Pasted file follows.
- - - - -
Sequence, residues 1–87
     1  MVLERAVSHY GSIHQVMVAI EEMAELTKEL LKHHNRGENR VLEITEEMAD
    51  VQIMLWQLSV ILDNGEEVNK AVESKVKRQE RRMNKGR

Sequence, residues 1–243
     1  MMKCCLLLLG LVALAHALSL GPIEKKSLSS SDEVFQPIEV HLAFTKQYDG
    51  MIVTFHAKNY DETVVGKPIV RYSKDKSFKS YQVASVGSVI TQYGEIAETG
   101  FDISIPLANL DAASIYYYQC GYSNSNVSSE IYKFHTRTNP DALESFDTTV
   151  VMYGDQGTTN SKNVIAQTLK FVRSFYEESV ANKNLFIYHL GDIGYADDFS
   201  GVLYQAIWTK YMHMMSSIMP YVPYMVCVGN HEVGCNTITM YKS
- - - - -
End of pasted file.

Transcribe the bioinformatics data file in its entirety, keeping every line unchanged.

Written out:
Sequence, residues 1–87
     1  MVLERAVSHY GSIHQVMVAI EEMAELTKEL LKHHNRGENR VLEITEEMAD
    51  VQIMLWQLSV ILDNGEEVNK AVESKVKRQE RRMNKGR

Sequence, residues 1–243
     1  MMKCCLLLLG LVALAHALSL GPIEKKSLSS SDEVFQPIEV HLAFTKQYDG
    51  MIVTFHAKNY DETVVGKPIV RYSKDKSFKS YQVASVGSVI TQYGEIAETG
   101  FDISIPLANL DAASIYYYQC GYSNSNVSSE IYKFHTRTNP DALESFDTTV
   151  VMYGDQGTTN SKNVIAQTLK FVRSFYEESV ANKNLFIYHL GDIGYADDFS
   201  GVLYQAIWTK YMHMMSSIMP YVPYMVCVGN HEVGCNTITM YKS